The Age of Worms adventure path being serialized in Dungeon magazine lately has piqued my interest and I’m hoping to run it in the Eberron setting, which I’m beginning to take an interest in again. I’m beginning to get a better feel for the tone of Eberron, and Dungeon’s going to great lengths to write up Eberron conversion notes for the adventure – something I’m glad about because the second installment makes heavy references to the deities of core D&D, which really don’t fit anywhere in Eberron.
On the surface, I’m a little worried that the Age of Worms Adventure Path is starting off too similarly to Return to the Temple of Elemental Evil. Underground temples to evil deities, esoteric and mad cultists carrying convenient letters explaining what they were up to before you killed them, multiple types of elemental guarding separate areas. However, I’m expecting that a closer examination will turn things out to be more innovative.
I’m not entirely sure when to run Age of Worms, although since it only comes out once per month I’m not in the greatest of hurries to begin it for fear of the players completing adventures quicker than they’re released. I generally play once per week, while the magazine only releases monthly. Thus, it’ll be around this time next year before the magazine publishes the final scenario in the Age of Worms path.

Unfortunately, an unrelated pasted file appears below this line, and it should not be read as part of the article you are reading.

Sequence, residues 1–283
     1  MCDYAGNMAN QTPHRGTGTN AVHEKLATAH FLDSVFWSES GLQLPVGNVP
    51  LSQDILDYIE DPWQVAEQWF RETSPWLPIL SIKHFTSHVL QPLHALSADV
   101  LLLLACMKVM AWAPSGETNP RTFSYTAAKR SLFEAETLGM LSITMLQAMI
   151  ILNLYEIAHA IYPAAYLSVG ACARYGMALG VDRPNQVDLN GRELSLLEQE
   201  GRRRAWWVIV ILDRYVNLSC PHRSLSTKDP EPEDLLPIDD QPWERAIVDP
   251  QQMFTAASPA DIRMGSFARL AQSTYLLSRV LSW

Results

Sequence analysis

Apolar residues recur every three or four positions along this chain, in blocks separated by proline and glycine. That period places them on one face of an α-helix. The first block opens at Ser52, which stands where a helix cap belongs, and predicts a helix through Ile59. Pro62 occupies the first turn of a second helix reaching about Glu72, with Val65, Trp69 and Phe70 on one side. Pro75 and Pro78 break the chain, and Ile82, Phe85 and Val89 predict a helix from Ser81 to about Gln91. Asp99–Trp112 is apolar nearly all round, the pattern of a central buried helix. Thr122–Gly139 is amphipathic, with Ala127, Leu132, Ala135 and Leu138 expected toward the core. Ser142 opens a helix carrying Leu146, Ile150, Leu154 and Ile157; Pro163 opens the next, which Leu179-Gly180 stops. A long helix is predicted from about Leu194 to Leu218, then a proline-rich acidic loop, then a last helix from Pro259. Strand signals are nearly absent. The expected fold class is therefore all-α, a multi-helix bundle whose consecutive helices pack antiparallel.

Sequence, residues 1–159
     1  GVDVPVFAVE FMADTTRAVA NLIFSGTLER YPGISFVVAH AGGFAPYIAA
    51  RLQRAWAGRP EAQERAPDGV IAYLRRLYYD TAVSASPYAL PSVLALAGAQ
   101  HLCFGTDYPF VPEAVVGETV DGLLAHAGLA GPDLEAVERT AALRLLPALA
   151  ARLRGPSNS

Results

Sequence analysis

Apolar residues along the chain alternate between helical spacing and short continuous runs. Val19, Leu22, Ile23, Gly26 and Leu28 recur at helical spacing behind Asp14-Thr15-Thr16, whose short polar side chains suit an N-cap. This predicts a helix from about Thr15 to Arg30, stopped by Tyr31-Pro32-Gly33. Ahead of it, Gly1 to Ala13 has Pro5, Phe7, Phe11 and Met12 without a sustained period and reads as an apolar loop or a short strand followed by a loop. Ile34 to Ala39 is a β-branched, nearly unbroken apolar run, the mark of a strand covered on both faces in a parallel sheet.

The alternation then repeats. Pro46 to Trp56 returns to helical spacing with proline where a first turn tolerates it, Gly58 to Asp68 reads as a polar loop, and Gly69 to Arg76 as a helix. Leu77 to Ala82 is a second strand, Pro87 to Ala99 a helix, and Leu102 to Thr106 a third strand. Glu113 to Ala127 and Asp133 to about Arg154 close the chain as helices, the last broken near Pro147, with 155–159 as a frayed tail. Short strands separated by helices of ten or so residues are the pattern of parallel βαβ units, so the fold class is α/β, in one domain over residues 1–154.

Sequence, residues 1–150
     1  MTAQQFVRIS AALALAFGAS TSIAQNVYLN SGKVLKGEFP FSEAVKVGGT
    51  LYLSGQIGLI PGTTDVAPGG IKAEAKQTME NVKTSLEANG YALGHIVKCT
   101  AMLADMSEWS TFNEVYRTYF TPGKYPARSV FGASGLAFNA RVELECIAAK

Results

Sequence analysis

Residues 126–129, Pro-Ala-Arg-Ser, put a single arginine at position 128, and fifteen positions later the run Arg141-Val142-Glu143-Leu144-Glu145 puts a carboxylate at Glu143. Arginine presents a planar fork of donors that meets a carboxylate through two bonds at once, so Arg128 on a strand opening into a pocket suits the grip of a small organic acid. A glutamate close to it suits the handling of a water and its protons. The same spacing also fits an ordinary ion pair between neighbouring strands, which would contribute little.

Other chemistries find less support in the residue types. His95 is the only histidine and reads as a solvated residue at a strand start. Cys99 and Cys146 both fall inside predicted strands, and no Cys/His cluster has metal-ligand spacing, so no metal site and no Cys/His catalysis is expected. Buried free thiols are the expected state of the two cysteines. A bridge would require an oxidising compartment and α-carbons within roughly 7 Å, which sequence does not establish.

There’s also the matter that my current online game, in which the players are level 7, and in which I much assume that the players would prefer to continue and level up, than to start over at level 1. Since I can’t guarantee that the 3pm-7pm Monday time slot will be free after the summer, I’m hoping to level the guys up perhaps once per session, so that if I have to end the game in mid-September they’ll at least be level 14 or so, which is pretty respectable and a fine level at which to bring the campaign to a satisfactory end.
In further D&D rambling, I’m finding the Wounds and Vitality variant hitpoint system to be quite interesting lately. For the uninformed, here’s the basic overview. Hitpoints under this system are renamed to “Vitality”, and represent injuries you avoid taking by virtue of survivability – rolling with punches, being hella tough, taking minor wounds and what not. You additionally have a Wounds score equal to your Constitution score, which you take damage to once your wound points are depleted, and these represent actual, serious wounds - you are fatigued once you take actual Wounds. Critical hits don’t do double damage under this syetem, but instead deal damage directly to your wounds score.
There are a few things I like about this system. Now, being really injured actually imposes a penalty to your fighting, and creates an intermediate category between “Alive and effectively uninjured” and “Mortally wounded, bleeding to death”. Standard D&D typically lacks this, save for the highly unlikely event that you’ll ever drop to exactly zero hitpoints – on 1HP out of 58 you continue to fight without penalty, on zero you’re disabled and on -1HP you’re unconscious and are likely to bleed to death in minutes. Now you’ve got a nice wide zone of maybe ten or sixteen hitpoints in which you can define a character as “somewhat seriously injured”, which works both ways, meaning that unless your enemy is intent on fighting to the death, there’s a good chance that he will surrender if able. This is a good thing, in my opinion, since the PCs are more likely to survive if defeated by human opponents who have no need to kill them, and likewise, the PCs should feel encouraged not to kill quite so indiscriminately.